Unfortunately, taxing all income accumulated in a testamentary trust at the highest marginal rate discourages effective estate planning. The new rules defeat the trust as a vehicle to accumulate income for the provision of the trust’s beneficiaries in the future. Trustees may be compelled to accelerate the distribution of trust income to beneficiaries in order to avoid paying tax at the top marginal rate. Under the proposed rules, there is no incentive to accumulate income in the trust even if doing so is in the best interests of the beneficiaries. This is particularly relevant for minor or otherwise vulnerable beneficiaries.

In addition to taxing testamentary trusts at the highest marginal rate applicable to individuals, the new rules also propose to eliminate the following benefits previously enjoyed by testamentary trusts:

  1. exemption from income tax installment rules;
  2. exemption from the requirement to have a calendar taxation year;
  3. exemption in computing alternative minimum tax;
  4. preferential treatment under Part XII.2;
  5. the ability to automatically qualify as a personal trust; and
  6. ability to make investment tax credits available to a trust’s beneficiaries.

Despite the fact that testamentary trusts and estates no longer offer the same tax benefits, there are still many reasons why a testamentary trust may be useful in estate planning. One benefit of a testamentary trust is that the trustee maintains control over both the timing and amount of distributions to the trust’s beneficiaries. This level of control is particularly relevant when providing for minors, spendthrift or incapacitated beneficiaries, or those struggling with addictions. If income in the trust is made payable to a beneficiary in a low income tax bracket, the trust can still deduct the income which will be taxed at the beneficiary’s lower tax rate. Testamentary trusts remain valuable estate planning tools in blended families where the primary goal is often to preserve the inheritance such that the surviving spouse or partner is provided for during his or her lifetime but the remaining assets pass to the children after the first to die spouse’s death.  

The opportunity for income splitting with the primary beneficiary’s own children and grandchildren is an important tax benefit that testamentary trusts continue to provide, and one which tax planners may wish to consider for the benefit of the family as a whole. A testamentary trust could be implemented where the testator wishes to benefit his or her adult child and grandchildren (or potential grandchildren). The discretionary beneficiaries of the testamentary trust would include the adult child and his or her children. The adult child could be appointed as trustee and thereby control the distribution of trust income and property to the minor beneficiaries. The opportunity for income splitting among the adult child and minor beneficiaries has the potential for significant tax savings. The attribution rules that restrict the potential for income splitting with inter vivos trusts do not apply to testamentary trusts. Income that the trustee (adult child) chooses to distribute to, or for the benefit of, the minor beneficiaries will be taxed in the hands of those minor beneficiaries at the lowest marginal rate (assuming no or very low taxable income) and after using available basic personal exemptions. Income paid or payable for the benefit of minor beneficiaries would be deductible by the trust. This use of the testamentary trust in this way allows the adult child (trustee) to use no or low tax dollars to pay for annual expenses for the benefit of the minor beneficiaries. In contrast, if the testator’s adult child was the sole beneficiary of the trust or received the inheritance directly, the distribution or earning of income to the adult child would be taxed at his or her marginal rate (almost certainly higher than the marginal rate of a minor beneficiary) and the adult child would then be left to use after-tax dollars to pay for his or her children’s expenses.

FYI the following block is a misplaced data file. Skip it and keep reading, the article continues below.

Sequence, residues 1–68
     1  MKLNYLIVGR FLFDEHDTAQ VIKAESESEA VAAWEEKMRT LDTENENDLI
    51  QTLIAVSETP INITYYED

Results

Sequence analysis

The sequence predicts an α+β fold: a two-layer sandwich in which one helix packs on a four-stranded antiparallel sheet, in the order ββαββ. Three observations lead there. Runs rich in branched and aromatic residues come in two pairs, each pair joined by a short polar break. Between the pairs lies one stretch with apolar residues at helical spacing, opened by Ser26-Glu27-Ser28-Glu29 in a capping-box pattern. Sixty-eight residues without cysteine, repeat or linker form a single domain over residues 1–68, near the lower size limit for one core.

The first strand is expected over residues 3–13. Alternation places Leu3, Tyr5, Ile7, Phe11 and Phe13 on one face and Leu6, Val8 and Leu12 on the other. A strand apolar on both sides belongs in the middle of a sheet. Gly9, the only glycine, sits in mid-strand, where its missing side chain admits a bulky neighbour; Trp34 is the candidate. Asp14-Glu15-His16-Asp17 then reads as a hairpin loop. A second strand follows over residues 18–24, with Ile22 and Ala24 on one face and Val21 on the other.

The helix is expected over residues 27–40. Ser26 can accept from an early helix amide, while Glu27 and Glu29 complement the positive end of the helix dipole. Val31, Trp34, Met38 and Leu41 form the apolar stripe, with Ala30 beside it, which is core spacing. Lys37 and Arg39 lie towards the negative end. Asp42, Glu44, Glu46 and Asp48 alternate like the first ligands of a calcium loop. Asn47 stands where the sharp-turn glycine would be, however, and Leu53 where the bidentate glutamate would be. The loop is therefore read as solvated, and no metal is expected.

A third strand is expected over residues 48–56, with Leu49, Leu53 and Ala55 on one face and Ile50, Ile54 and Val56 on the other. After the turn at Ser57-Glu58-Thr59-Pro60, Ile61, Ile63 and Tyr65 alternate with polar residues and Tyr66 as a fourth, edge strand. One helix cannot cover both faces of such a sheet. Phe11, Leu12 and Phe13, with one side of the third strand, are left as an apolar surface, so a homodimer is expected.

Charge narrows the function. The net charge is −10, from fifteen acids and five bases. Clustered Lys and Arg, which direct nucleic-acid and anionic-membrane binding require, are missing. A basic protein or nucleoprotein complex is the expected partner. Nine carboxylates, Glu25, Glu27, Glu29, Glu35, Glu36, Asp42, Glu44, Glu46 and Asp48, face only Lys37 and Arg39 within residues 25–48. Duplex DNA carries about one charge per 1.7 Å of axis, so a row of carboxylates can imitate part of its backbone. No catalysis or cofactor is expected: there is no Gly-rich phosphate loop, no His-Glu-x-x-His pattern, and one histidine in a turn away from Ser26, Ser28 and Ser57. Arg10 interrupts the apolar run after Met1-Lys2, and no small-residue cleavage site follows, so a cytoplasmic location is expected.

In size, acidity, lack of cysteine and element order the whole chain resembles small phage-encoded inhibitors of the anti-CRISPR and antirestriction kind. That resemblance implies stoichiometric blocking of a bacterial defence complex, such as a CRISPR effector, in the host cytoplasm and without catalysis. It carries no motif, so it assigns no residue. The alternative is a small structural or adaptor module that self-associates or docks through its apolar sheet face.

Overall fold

The Department’s proposal to eliminate graduated personal tax rates for testamentary trusts may be an inappropriate response to concerns regarding the preferential tax treatment of testamentary trusts under the existing rules. Although the proposed new rules for testamentary trusts limit some of the traditional planning opportunities, the testamentary trust continues to offer many tax and non tax advantages and is likely to remain a valuable estate planning tool.